Fashion labels come and go, but for the past 15 years one Chicago name has been synonymous with the highest of high style: Ikram.
“It couldn’t just be another store,” says Ikram Goldman of her iconic Huron Street boutique, which melds the worlds of fashion and design with a stunning red façade and hyper-stylized displays.
Would it be overstating things to say that Ikram Goldman is Chicago fashion? Not by much. A protégé of the legendary Joan Weinstein at Ultimo, Goldman made a statement of her own in 2001, opening an eponymous boutique on Rush Street. Fifteen years and one relocation later, Ikram is one of the world’s most renowned centers of style, with an elite clientele of power players who travel from near and far like pilgrims to a fashion shrine. As Goldman celebrates the 15th anniversary of the boutique, the famously passionate fashionista offers a summary of its history in a series of bons mots.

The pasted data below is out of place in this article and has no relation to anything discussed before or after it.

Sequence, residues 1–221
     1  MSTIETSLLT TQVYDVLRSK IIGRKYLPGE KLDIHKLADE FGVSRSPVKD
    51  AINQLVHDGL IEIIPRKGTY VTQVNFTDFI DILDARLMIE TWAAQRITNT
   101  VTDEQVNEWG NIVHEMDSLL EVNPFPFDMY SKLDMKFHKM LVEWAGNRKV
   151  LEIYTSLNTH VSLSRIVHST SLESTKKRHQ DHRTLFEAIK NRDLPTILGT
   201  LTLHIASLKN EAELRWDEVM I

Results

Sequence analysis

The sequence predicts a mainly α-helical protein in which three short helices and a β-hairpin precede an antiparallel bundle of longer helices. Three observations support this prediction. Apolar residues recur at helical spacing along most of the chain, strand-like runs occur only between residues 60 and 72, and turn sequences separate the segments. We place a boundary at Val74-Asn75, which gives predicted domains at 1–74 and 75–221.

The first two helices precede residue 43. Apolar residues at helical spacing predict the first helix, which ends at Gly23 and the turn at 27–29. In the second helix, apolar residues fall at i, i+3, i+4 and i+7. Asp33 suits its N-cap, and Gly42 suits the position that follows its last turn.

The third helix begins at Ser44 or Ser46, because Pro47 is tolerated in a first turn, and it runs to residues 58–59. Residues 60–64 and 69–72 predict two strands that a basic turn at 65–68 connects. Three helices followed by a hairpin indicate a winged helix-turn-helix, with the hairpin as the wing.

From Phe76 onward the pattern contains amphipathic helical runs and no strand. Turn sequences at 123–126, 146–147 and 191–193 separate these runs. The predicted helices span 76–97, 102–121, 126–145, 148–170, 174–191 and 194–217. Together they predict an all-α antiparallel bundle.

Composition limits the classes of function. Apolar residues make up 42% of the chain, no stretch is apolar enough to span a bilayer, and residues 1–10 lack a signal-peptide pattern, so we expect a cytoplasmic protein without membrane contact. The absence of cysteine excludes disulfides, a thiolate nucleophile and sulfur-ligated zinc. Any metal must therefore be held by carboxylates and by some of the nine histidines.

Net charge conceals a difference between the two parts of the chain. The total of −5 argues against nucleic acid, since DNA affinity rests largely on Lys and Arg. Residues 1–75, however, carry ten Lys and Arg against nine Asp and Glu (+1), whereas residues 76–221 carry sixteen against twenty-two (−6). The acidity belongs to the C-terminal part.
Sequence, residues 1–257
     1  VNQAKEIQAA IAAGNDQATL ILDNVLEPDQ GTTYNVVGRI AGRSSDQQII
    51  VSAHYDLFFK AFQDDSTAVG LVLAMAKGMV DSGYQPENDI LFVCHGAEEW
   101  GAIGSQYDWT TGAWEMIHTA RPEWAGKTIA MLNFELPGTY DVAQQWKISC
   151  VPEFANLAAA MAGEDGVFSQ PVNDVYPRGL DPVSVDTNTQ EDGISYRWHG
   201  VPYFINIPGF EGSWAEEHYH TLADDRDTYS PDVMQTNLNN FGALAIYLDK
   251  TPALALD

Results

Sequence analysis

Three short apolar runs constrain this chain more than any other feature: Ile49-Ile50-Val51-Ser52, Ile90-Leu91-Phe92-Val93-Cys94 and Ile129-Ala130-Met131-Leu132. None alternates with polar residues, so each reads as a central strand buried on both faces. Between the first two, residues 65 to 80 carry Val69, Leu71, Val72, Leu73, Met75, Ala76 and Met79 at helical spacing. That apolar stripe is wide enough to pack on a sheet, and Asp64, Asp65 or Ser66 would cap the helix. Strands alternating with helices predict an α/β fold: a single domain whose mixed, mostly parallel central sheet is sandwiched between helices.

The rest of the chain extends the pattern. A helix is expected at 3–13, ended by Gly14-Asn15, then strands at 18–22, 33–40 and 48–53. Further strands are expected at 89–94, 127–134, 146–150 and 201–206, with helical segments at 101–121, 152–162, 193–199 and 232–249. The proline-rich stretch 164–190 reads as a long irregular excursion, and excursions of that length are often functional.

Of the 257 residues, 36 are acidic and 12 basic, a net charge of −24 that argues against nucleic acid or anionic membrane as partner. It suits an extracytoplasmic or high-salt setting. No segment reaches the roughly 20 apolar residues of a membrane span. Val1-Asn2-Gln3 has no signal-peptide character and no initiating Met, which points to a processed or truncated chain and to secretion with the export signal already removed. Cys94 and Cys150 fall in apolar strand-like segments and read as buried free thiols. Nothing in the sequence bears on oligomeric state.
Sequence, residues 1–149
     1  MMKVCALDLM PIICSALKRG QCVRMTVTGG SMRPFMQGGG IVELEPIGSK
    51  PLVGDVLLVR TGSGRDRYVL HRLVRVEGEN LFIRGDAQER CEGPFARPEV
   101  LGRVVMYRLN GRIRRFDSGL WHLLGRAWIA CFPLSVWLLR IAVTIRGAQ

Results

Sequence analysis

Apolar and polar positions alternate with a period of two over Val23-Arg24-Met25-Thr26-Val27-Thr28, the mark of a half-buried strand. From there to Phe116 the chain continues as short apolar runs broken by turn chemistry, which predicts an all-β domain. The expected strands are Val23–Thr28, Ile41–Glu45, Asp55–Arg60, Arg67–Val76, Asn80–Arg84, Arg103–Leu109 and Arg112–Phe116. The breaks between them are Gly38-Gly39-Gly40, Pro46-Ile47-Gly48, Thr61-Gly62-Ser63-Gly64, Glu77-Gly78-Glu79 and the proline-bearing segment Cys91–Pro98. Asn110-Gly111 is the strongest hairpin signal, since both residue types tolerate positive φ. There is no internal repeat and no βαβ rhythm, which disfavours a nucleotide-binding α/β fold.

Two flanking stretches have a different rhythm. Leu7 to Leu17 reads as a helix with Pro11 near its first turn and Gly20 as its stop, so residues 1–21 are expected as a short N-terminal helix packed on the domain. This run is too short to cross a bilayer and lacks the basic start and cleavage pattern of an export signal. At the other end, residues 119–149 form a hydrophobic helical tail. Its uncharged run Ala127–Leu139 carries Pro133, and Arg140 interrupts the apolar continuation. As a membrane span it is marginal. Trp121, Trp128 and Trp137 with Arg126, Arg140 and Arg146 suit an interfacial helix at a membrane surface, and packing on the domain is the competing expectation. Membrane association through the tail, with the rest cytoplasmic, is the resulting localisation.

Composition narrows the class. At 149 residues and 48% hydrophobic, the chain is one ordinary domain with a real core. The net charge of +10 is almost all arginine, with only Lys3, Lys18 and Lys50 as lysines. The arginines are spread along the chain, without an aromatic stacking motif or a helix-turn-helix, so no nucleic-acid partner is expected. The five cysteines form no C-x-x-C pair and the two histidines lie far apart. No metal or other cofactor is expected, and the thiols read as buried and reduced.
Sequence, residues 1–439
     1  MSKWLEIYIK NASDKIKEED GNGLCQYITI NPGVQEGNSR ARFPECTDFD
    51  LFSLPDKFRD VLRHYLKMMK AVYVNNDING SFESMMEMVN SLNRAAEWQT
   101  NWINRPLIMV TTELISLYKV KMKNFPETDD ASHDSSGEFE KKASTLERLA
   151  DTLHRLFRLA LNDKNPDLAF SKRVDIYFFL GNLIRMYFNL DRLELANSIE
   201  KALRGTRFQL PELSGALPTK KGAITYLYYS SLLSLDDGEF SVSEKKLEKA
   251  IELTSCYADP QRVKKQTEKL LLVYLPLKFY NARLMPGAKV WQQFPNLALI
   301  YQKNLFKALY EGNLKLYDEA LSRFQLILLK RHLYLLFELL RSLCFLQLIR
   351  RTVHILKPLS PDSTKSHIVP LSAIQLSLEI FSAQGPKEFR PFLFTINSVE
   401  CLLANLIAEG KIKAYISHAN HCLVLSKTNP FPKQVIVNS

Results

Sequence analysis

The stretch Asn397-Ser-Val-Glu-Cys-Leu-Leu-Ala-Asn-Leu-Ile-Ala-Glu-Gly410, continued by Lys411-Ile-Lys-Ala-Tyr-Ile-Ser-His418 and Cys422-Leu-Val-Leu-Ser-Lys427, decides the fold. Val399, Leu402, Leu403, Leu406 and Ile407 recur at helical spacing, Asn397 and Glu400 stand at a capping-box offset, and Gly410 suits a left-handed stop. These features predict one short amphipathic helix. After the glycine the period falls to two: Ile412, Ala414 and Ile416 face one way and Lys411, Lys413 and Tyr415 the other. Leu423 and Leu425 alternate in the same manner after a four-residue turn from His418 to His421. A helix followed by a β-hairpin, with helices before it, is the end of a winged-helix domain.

Style storyteller. “I started Ikram because I wanted to curate a story that was not being told anywhere in Chicago. It was a place where I felt people would want to gather.” Now and then. “When I first started, the amount of collections I saw was minuscule compared to what I see now, because [now] everyone wants to be a fashion designer. So I can actually curate in a much more profoundly interesting way.” The first store. “Our accountant said, ‘You don’t need [more] than 2,000 square feet.’ Our Rush Street store was 5,000 square feet—and we outgrew it within a year.” Seeing red. “We didn’t want the façade to look modern, but we wanted it to have a modern feel. And we saw this slab of red metal, and we thought, This is it—this is exactly what we want.” Think pink. “One of my favorite moments at Ikram was a midnight [candlelit] dinner we hosted for the band Pink Martini after their performance at the Chicago Symphony Orchestra. We invited 10 friends with the band and sat here until almost 5 in the morning, where we ate, drank, played music, sang, tried on clothes, and had the best time.” In it together. “I take on these [young designers] who really just want to be recognized, and we just go together.” Creature features. “When I first saw the collection Creatures of the Wind presented in New York, I thought, These are two kids that are submerged in their culture.” Girl crush. “Rodarte aren’t just designers—they’re creating cultural movements. They speak the language of the moment.” Show me more. “Thakoon [Panichgul] was the first person who ever interviewed me and wrote about me, for Harper’s Bazaar, so we became instant friends. We had dinner and he said, ‘I’m thinking about doing [a line of] sweatshirts and sweaters, blah blah blah,’ and I said, ‘Really? That’s nice. But show me what you really got.’ So he made a collection of 20 pieces and sent them to me. I bought every one. They were flawless.” For the archives. “I pull one to three pieces per season for [my personal] archive. Original Alexander McQueen, Comme des Garçons, Junya Watanabe… It’s like art; I invest in them. I’d love to have them someday in a place where they’re curated properly—and they will be.” 15 E. Huron St., 312-587-1000